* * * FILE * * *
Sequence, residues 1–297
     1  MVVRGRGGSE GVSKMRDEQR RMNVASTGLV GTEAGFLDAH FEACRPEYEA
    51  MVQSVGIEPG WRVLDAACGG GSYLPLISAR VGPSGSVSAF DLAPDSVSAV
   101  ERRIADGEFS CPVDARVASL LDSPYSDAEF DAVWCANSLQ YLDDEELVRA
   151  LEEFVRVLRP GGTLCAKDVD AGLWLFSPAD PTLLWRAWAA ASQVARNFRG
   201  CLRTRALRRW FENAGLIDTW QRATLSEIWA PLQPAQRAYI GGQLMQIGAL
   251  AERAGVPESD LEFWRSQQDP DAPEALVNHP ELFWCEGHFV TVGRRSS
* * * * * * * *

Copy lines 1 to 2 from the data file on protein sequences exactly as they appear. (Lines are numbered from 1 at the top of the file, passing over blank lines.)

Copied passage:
Sequence, residues 1–297
     1  MVVRGRGGSE GVSKMRDEQR RMNVASTGLV GTEAGFLDAH FEACRPEYEA